Cross-talk between tumor stem cells and tumor cells: a glioblastoma strategy to promote malignancy

Laura Riboni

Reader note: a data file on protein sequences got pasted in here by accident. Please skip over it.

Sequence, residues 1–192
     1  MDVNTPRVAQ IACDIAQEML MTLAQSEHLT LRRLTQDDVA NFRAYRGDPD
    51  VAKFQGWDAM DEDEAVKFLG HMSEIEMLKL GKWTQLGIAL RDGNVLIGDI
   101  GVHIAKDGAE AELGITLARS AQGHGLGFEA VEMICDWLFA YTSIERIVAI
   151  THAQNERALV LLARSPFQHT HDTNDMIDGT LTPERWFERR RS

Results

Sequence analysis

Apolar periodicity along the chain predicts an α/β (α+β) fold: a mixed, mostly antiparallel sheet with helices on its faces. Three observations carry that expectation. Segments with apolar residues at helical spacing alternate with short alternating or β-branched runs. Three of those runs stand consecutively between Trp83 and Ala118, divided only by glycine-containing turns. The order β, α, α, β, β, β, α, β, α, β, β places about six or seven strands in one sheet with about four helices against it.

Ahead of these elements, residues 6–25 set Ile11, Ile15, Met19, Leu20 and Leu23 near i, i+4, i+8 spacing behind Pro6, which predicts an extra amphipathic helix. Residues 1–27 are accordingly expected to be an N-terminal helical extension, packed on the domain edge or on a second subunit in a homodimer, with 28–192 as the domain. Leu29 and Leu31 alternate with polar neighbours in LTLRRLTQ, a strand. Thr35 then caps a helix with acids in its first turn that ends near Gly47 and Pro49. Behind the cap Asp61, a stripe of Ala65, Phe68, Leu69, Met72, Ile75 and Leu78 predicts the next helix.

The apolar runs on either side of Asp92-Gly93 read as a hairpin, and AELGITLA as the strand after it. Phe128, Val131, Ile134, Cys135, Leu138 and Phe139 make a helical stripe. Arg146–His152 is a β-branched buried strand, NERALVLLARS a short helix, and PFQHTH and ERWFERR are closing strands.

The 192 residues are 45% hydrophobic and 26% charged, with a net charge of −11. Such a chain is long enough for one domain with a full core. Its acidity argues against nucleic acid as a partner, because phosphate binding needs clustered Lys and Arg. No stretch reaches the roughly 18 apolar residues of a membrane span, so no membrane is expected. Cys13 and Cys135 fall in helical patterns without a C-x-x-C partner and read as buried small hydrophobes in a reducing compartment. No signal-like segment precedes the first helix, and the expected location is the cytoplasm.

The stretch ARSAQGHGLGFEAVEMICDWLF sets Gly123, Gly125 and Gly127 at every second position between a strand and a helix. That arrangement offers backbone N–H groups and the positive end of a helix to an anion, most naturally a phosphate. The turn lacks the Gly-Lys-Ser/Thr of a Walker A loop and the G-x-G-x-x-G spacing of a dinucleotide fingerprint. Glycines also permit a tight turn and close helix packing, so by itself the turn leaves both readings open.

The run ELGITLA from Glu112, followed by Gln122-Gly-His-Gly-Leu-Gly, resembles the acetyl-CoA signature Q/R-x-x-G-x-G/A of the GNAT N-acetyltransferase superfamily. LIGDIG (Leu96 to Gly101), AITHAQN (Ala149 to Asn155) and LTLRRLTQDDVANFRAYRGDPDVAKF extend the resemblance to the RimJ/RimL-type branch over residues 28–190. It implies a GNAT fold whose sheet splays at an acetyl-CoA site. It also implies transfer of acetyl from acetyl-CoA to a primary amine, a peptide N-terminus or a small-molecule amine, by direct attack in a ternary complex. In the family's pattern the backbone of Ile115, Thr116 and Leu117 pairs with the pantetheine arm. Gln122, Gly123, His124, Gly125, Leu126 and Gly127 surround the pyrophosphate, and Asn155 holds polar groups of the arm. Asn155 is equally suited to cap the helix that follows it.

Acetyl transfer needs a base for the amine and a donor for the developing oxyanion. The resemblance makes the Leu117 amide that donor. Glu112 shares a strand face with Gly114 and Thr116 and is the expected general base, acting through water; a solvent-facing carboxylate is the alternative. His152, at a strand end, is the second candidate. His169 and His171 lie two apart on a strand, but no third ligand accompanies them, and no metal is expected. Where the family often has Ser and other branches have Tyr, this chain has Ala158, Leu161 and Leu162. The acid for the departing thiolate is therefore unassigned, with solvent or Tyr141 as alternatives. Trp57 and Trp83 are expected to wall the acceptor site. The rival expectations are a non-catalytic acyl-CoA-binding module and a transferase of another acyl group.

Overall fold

Glioblastoma multiforme (GBM) is the most frequent and malignant type of primary tumors of the central nervous system. Despite current advances in multimodal therapies, involving advanced surgery, radio- and chemotherapy, and the development of innovative targeted therapies the outcome for patients with GBM is nearly always fatal, with a median survival time of only 12–15 months (1). Various obstacles hamper development of effective therapies, including cellular and molecular heterogeneity, high proliferation rate, pervasive tumor cell infiltration, intensive angiogenesis, therapeutic resistance, and, not last, the lack of a full understanding of the pathobiology of the disease.